In conclusion, this current large and adequately powered randomized trial will determine the risks and benefits of adding TCM for 28 days to the treatment of hospitalized patients with SCAP. Our hypothesis is that TCM treatment will result in a reduced rate of treatment failure in SCAP compared to conventional treatment.

Study limitations

The results of this trial may be valid only for the specific type, dose, and duration of TCM studied. This study is powered for rate of treatment failure, but not for mortality; more patients would be needed for it to be powered to detect a clinically relevant difference in mortality.

Trial status

At the time of manuscript submission, we have recruited 16 patients. The study will continue to enroll patients until 31 December 2019.

Abbreviations

CAP: 

Community-acquired pneumonia

CAT: 

Chronic obstructive pulmonary disease assessment test

GOLD: 

Global Initiative for Chronic Obstructive Lung Disease

PSI: 

Pneumonia severity index

SCAP: 

Severe community-acquired pneumonia

SOFA: 

Sequential organ failure assessment

TCM: 

Traditional Chinese medicine

Declarations

Acknowledgements

The authors acknowledge Professor Zhao Limin from Hospital of Henan Province, Professor Liu Jianping from Peking University of TCM, Professor Chen Rongchang from Guangzhou Medical University, and Professor Mao Hui from Sichuan University for their generous assistance in the application and preparation of the study. The authors are also grateful to the Program for Key Subjects of Henan Province and the National Natural Science Foundation of China for funding this study.

Funding

This study is supported by the Program for Key Subjects of Henan Province (STS-ZYX2017002), the National Natural Science Foundation of China (81774222 and 81573804), the Program for Science & Technology Innovation Talents in Universities of Henan Province (14HASTIT029), the Program for Traditional Chinese Medicine Science Foundation of Henan Province (2014ZY01011), and the Program for Science & Technology Innovation Talents in Henan College of Chinese Medicine (2012XCXRC02).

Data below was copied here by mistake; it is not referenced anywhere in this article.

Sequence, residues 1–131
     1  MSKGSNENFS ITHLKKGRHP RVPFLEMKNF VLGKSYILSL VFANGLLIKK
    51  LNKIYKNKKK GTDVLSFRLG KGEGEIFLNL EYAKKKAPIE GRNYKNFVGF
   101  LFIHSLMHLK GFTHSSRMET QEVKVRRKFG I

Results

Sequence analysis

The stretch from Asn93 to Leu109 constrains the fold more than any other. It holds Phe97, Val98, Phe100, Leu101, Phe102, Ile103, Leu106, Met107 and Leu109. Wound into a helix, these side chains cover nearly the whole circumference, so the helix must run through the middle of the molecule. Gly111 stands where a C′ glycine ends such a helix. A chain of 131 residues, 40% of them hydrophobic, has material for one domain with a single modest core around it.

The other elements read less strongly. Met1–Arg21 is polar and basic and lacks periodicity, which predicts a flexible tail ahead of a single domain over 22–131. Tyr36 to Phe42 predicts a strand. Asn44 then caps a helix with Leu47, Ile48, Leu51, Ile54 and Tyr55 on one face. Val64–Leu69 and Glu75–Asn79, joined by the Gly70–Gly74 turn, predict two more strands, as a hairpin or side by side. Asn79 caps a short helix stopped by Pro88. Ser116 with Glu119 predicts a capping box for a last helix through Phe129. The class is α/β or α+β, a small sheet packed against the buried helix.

Availability of data and materials

The datasets used or analyzed during the current study are available from the corresponding author on reasonable request.

Sponsors

The study was designed and managed by the Collaborative Innovation Center for Respiratory Disease Diagnosis and Treatment and Chinese Medicine Development of Henan Province, Henan University of Traditional Chinese Medicine.

Authors’ contributions

LJ was responsible for the conception and design of the study, and for a critical revision and final approval of the manuscript. WH was responsible for the conception and design of the study, and writing and final approval of the manuscript. LS was responsible for data collection and analysis, and a critical revision and final approval of the manuscript. YX was responsible for data collection and analysis, and final approval of the manuscript. All authors read and approved the final manuscript.

Ethics approval and consent to participate

The study has been approved after meeting conditions imposed by the ethical research committees of the First Affiliated Hospital of Henan University of Traditional Chinese Medicine (2017HL-002-01). Based on the Declaration of Helsinki, written informed consent will be received from each participant. Any modifications to the protocol that may impact the conduct of the study, the potential benefits to the patients, or patient safety will require a formal amendment to the protocol, which should be approved by the ethics committee prior to implementation. Protocol modifications will be communicated to all centers involved through regular meetings and telephone conversations. All staff will be notified, trained, and qualified prior to conducting the trial.

All subject-related information including case reports, laboratory specimens, and evaluation forms will be kept strictly confidential. All records will be kept in a secure, locked place and secured with password-protected access systems. To protect confidentiality, identification information will be deleted from all study documents.

Consent for publication

Written informed consent will be taken from all participants prior to their taking part in the study.

Competing interests

The authors declare that they have no competing interests.

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Authors’ Affiliations

(1)
Collaborative Innovation Center for Respiratory Disease Diagnosis and Treatment and Chinese Medicine Development of Henan Province, Henan University of Traditional Chinese Medicine, Zhengzhou, People’s Republic of China
(2)
Department of Respiration, The First Affiliated Hospital of Henan University of Traditional Chinese Medicine, Zhengzhou, People’s Republic of China
(3)
The Geriatric Department, Henan University of Traditional Chinese Medicine, Longzihu University Town, Zhengdong New District, Zhengzhou, 450046, People’s Republic of China

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Copyright

© The Author(s). 2018